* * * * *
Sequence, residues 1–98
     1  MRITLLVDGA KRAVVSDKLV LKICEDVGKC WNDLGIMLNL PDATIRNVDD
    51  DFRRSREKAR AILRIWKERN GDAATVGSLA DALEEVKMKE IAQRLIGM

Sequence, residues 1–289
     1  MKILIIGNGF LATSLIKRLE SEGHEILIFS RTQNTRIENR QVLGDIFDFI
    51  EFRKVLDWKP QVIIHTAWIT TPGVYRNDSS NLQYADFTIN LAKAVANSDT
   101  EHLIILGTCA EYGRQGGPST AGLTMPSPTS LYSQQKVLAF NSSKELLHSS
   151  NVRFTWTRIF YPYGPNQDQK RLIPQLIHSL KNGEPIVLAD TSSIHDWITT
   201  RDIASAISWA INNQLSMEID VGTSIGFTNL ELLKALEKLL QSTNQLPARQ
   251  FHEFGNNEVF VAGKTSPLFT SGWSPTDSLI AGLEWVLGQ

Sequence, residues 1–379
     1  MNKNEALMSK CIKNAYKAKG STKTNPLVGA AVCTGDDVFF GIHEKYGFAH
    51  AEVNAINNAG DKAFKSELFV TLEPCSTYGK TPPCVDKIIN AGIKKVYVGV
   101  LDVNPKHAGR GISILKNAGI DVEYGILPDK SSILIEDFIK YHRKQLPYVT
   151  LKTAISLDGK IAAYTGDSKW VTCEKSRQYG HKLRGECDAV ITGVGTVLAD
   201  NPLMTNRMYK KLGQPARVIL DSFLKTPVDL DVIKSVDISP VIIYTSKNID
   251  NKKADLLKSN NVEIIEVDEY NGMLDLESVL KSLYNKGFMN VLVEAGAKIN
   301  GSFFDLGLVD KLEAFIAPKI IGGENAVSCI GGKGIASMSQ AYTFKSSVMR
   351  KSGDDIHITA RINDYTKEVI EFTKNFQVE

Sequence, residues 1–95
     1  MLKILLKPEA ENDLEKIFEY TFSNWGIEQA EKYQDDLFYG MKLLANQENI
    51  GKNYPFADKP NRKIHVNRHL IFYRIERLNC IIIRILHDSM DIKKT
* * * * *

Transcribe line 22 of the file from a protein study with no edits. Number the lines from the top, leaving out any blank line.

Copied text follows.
    51  GKNYPFADKP NRKIHVNRHL IFYRIERLNC IIIRILHDSM DIKKT